The executive summary lists 10 recommendations:

  • Current policy discourages the utilization of chiropractic services for the management of LBP.
  • Chiropractic services should be fully insured under the Ontario Health Insurance Plan, removing the economic disincentive for patients and referring health providers.
  • Chiropractic services should be fully integrated into the health care system.
  • Chiropractors should be employed by tertiary hospitals in Ontario.
  • Hospital privileges should be extended to all chiropractors for the purposes of treatment of their own patients who have been hospitalized for other reasons, and for access to diagnostic facilities relevant to their scope of practice and patients' needs.
  • Chiropractors should have access to all pertinent patient records and tests from hospitals, physicians, and other health care professionals upon the consent of their patients.
  • Since low back pain is of such significant concern to workers' compensation, chiropractors should be engaged at a senior level by the Workers' Compensation Board to assess policy, procedures and treatment of workers with back injuries.
  • The government should make the requisite research funds and resources available for further clinical evaluation of chiropractic management of LBP, and for further socio-economic and policy research concerning the management of LBP generally.
  • Chiropractic education in Ontario should be in the multidisciplinary atmosphere of a university with appropriate public funding.
  • Finally, the government should take all reasonable steps to actively encourage cooperation between providers, particularly the chiropractic, medical and physiotherapy professions.

The significance of the findings and recommendations are clear. This was not a study by chiropractors, but an independent, government-funded study conducted by respected health economists. The conclusions of these investigators were inescapable, given the current literature on LBP.

Click here to read the complete, original version of this article.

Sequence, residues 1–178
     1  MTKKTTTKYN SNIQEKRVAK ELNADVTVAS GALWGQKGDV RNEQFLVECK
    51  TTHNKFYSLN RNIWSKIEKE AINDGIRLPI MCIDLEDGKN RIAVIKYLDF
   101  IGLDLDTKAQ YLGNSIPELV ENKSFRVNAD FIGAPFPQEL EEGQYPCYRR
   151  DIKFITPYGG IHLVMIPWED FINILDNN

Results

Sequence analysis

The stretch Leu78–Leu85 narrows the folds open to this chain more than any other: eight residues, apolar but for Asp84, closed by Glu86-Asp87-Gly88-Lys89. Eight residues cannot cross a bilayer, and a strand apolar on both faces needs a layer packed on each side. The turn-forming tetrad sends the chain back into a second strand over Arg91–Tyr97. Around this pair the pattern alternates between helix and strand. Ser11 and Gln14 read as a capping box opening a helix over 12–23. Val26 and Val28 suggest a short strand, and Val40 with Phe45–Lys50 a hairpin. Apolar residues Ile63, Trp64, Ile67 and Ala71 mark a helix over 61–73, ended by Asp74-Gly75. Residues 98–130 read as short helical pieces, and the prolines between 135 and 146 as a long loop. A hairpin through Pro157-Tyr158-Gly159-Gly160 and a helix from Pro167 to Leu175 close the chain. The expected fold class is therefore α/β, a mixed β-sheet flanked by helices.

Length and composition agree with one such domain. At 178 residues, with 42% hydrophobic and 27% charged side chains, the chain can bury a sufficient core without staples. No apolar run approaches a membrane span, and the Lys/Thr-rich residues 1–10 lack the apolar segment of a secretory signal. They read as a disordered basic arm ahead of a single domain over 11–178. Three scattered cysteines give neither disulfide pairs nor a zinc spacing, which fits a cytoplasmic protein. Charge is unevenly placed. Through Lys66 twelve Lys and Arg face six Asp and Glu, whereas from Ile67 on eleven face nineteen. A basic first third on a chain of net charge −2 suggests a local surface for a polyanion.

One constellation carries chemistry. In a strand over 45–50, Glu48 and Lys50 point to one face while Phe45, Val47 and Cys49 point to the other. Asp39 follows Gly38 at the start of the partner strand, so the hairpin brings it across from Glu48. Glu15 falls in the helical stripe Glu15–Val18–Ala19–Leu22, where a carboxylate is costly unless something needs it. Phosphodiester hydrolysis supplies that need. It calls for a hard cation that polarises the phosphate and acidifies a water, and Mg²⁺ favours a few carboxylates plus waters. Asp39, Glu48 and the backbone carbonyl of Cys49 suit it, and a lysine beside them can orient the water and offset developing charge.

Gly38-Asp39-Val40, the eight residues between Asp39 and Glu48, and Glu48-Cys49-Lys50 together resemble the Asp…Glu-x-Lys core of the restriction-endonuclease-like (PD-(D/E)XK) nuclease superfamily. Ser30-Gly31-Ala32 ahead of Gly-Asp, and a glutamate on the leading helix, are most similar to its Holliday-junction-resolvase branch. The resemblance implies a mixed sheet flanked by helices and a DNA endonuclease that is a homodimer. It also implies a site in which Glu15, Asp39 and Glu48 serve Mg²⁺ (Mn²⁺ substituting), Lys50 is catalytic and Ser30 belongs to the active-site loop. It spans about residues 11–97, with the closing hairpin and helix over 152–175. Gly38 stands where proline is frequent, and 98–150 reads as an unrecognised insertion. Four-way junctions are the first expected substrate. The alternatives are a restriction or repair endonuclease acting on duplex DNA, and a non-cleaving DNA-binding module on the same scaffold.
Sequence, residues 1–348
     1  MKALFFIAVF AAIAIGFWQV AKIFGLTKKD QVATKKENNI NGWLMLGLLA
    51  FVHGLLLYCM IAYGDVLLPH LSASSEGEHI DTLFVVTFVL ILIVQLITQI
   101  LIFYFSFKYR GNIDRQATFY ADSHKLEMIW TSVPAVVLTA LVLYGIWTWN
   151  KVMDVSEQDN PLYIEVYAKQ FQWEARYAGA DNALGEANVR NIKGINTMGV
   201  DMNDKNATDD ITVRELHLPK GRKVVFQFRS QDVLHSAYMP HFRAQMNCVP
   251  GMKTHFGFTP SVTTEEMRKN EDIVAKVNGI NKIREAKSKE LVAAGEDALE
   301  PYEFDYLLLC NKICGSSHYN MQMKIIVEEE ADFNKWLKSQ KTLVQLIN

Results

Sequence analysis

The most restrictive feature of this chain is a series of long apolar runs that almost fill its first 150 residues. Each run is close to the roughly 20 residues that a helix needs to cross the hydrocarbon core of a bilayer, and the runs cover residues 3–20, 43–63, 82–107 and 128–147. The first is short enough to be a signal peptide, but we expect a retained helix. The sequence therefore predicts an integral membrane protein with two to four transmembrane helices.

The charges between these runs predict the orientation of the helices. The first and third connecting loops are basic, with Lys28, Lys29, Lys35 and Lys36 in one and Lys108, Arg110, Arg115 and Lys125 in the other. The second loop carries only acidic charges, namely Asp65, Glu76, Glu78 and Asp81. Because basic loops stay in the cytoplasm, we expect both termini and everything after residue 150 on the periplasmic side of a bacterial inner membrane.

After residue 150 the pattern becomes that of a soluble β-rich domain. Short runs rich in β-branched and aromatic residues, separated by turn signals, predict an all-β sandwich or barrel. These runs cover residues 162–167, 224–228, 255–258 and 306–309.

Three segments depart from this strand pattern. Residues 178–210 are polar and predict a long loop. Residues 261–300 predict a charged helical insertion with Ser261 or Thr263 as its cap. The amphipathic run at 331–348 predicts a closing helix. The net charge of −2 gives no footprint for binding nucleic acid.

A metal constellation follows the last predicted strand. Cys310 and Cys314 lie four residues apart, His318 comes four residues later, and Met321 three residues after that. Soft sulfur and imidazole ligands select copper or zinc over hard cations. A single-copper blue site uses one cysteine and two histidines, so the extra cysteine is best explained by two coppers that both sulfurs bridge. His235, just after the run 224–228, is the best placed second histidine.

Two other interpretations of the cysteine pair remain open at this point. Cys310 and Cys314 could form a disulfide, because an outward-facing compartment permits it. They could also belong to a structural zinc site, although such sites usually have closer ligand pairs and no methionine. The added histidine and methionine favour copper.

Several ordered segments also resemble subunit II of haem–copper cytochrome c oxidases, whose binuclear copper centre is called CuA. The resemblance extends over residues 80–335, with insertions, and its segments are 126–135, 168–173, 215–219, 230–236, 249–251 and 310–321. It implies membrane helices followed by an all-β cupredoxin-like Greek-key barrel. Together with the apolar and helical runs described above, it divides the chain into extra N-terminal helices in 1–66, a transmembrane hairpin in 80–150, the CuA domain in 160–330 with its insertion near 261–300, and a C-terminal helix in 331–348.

November 1993: Congress Approves $1.75 Million for Chiropractic Projects

On Oct. 21st, President Clinton signed into law the 1994 appropriations bill for the Department of Health and Human Services (Pub. Law 103-112). The bill allocates: $750,000 for multidisciplinary research studies at chiropractic colleges and $1 million to increase chiropractic's ability to assist in medically underserved rural areas.

Demonstration Projects. In October 1992, the first federal program dedicated solely to chiropractic research demonstration projects was authorized. This ACA-drafted initiative established the chiropractic research program that would provide funding to chiropractic colleges for "demonstration projects in which chiropractors and physicians collaborate to identify and provide effective treatment for spinal and lower back conditions."

Training Projects. In September of this year, the Senate authorized $1 million to be used for interdisciplinary training projects...of how the delivery of chiropractic health care can be improved in rural areas, and how the retention and recruitment of chiropractic health care practitioners can be increased in rural areas.

Senators Kennedy (D-Mass) and Harkin (D-Iowa) played key roles in the authorization of the chiropractic research and training funding. Other legislators who played an integral part in the bill's passage were Senator Orrin Hatch (R-Utah), ranking Republican member of the Senate Labor Committee; and Congressmen Neal Smith (D-Iowa) and Jim Lightfoot (R-Iowa), senior members of the House Appropriation's Committee.

"This landmark victory has come at a critically urgent time for the profession," stated ACA Board Chairman Kerwin Winkler, DC. "The passage of this bill will go a long way toward producing the evidence we already know to be true; that chiropractic is a legitimate and effective form of health care that could save this country million upon million of dollars."

Click here to read the complete, original version of this article.